# Find number grams of the solute in a dissolution given its density and Molarity

Have a dissolution of $\ce{HNO_3}$ in water. The density is $1.42\ce{g/mL}$ with a concentration of $\ce{16M}$. What is the concentration in % mass/mass?

Alright. So the % mass/mass is expressed as

$$\frac{\text{grams of } \ce{HNO_3}}{\text{grams of the dissolution}}\cdot100$$

So I need to find the grams of $\ce{HNO_3}$ first. They tell me that the Molarity is

$$16 = \frac{\text{moles of } \ce{HNO_3}}{\text{liters of dissolution}}$$

$\ce{HNO_3}$ has a molar mass of $63$. So to find out how many moles of $\ce{HNO_3}$ are in the dissolution I need to divide the grams of $\ce{HNO_3}$ by $63$... But how am I supposed to find out the grams of $\ce{HNO_3}$?

I was told that the numerator is $63$. But... $63$ is the molar mass of $\ce{HNO_3}$, not the number of moles of $\ce{HNO_3}$ in the dissolution.

Anyway, let's suppose that it is indeed $63$. Therefore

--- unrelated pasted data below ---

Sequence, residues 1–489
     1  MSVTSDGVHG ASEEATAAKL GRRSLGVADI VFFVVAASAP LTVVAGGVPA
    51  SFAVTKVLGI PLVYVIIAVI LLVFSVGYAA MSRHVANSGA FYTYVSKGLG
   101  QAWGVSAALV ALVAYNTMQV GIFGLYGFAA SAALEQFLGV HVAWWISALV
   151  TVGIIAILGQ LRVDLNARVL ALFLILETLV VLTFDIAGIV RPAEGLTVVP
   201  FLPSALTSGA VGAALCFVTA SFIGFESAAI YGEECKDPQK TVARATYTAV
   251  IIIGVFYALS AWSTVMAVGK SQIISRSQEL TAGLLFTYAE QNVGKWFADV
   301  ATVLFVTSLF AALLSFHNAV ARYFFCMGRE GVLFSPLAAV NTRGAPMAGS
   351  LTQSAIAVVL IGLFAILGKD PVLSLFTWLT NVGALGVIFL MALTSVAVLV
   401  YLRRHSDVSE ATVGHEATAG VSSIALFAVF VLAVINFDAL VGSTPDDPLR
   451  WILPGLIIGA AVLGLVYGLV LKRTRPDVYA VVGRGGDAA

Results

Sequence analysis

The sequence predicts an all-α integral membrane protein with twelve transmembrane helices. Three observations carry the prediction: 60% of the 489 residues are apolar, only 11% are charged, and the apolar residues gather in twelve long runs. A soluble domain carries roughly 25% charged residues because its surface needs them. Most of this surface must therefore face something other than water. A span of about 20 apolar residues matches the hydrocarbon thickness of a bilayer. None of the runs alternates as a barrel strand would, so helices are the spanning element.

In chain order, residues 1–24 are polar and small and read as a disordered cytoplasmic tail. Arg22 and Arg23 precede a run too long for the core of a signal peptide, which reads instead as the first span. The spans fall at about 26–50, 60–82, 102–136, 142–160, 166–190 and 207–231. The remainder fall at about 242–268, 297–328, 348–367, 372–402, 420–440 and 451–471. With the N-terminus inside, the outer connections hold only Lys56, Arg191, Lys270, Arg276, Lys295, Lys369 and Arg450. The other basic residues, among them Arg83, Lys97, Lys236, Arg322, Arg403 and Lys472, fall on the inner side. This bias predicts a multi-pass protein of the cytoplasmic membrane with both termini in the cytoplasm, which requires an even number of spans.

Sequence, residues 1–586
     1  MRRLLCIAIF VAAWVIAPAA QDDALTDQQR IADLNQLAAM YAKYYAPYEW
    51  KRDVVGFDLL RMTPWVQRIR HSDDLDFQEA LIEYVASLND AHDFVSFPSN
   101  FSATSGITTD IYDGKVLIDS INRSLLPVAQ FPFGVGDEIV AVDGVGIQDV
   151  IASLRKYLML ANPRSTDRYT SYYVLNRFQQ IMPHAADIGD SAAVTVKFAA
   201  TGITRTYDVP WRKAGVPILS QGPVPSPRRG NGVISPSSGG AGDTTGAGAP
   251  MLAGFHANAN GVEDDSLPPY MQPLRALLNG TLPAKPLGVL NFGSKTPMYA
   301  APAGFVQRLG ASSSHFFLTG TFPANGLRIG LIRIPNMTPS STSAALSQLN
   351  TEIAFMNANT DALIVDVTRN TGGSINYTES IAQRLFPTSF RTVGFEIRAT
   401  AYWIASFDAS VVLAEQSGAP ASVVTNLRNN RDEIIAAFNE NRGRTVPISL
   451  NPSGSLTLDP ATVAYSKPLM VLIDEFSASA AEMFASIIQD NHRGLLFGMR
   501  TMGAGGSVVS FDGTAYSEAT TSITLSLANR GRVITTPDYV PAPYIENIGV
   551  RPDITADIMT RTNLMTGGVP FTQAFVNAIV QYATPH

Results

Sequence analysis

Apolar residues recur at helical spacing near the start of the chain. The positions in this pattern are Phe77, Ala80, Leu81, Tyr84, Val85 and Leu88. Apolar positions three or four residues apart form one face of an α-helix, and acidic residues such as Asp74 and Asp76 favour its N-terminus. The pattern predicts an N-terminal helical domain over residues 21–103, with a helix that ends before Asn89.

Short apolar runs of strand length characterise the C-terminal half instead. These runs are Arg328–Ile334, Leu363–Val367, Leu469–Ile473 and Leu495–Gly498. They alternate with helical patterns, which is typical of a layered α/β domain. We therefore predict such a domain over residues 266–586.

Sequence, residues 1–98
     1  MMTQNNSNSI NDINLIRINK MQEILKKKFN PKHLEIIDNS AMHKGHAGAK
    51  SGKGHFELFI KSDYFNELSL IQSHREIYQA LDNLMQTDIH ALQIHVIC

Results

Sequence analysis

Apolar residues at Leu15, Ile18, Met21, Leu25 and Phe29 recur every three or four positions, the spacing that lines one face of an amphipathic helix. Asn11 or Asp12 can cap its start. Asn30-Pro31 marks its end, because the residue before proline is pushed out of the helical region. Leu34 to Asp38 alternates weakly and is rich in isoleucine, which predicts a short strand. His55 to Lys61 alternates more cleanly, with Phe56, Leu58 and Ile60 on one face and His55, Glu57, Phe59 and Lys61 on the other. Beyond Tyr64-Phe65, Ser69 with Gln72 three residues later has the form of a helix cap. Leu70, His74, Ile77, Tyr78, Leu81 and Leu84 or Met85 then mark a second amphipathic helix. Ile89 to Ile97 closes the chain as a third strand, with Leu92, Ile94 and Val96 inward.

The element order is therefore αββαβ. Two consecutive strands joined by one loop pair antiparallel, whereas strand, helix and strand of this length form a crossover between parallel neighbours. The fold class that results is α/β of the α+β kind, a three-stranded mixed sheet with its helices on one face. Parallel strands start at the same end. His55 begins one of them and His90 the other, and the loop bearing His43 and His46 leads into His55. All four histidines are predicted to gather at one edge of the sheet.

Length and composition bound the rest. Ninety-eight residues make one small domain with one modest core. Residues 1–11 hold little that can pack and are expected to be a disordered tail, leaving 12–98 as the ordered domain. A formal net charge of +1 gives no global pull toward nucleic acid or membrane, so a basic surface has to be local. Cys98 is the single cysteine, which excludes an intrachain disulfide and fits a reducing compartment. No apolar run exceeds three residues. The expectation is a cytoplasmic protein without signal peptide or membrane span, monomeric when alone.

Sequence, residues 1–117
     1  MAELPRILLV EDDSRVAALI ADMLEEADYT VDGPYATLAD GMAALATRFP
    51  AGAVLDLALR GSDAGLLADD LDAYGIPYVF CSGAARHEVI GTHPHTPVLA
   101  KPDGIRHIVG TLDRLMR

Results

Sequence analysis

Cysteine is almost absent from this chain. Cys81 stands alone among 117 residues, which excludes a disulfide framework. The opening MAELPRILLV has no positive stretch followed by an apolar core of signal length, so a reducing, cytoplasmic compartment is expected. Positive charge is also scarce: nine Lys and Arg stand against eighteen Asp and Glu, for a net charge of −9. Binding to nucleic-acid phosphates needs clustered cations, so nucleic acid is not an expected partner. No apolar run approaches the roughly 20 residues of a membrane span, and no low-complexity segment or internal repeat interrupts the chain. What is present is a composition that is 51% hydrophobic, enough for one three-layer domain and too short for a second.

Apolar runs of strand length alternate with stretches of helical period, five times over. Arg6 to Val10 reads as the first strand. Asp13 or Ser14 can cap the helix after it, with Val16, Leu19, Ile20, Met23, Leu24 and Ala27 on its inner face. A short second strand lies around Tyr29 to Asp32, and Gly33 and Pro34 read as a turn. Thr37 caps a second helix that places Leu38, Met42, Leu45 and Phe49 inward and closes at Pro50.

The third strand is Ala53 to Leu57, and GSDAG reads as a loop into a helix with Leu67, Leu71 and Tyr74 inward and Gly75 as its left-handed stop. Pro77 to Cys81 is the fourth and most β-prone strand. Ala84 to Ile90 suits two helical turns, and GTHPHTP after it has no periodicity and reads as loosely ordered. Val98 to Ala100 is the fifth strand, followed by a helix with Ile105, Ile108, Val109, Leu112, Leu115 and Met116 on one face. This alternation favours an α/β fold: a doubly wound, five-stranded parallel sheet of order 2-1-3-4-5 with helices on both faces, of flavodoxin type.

$$16 = \frac{63}{\text{liters of dissolution}} \implies \text{liters of dissolution} = 3.9$$

So there are $3.9$ liters of dissolution? I'm not sure - I feel like I got this all wrong. How do you know there are $63$ moles of $\ce{HNO_3}$?

• Ok, it all makes sense, but what I don't understand is why are you picking $1L$ of solution? Why one and not, say, five liters? Where/how do you get that number? In other words, how do you even know there is one liter. – Voldemort Jul 15 '15 at 6:23
• Well I meant the Molarity part. The Molarity formula in your case is $16 = \frac{63}{1}$, but if you change that $1$ by a $2.8$ instead of getting $1008$ grams you would get 360 grams of $\ce{HNO_3}$. – Voldemort Jul 15 '15 at 6:35
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